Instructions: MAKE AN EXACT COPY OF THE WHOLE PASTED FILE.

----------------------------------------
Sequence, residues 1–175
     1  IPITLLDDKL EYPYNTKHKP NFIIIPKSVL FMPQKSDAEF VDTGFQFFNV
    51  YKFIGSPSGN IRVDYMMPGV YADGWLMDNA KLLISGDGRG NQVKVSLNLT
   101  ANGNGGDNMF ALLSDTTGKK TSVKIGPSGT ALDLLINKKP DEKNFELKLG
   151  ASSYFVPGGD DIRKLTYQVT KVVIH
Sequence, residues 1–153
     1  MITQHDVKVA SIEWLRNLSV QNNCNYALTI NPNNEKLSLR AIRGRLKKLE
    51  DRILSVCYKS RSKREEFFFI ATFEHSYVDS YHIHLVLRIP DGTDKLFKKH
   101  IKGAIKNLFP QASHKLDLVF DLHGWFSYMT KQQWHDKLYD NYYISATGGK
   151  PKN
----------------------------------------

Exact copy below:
Sequence, residues 1–175
     1  IPITLLDDKL EYPYNTKHKP NFIIIPKSVL FMPQKSDAEF VDTGFQFFNV
    51  YKFIGSPSGN IRVDYMMPGV YADGWLMDNA KLLISGDGRG NQVKVSLNLT
   101  ANGNGGDNMF ALLSDTTGKK TSVKIGPSGT ALDLLINKKP DEKNFELKLG
   151  ASSYFVPGGD DIRKLTYQVT KVVIH
Sequence, residues 1–153
     1  MITQHDVKVA SIEWLRNLSV QNNCNYALTI NPNNEKLSLR AIRGRLKKLE
    51  DRILSVCYKS RSKREEFFFI ATFEHSYVDS YHIHLVLRIP DGTDKLFKKH
   101  IKGAIKNLFP QASHKLDLVF DLHGWFSYMT KQQWHDKLYD NYYISATGGK
   151  PKN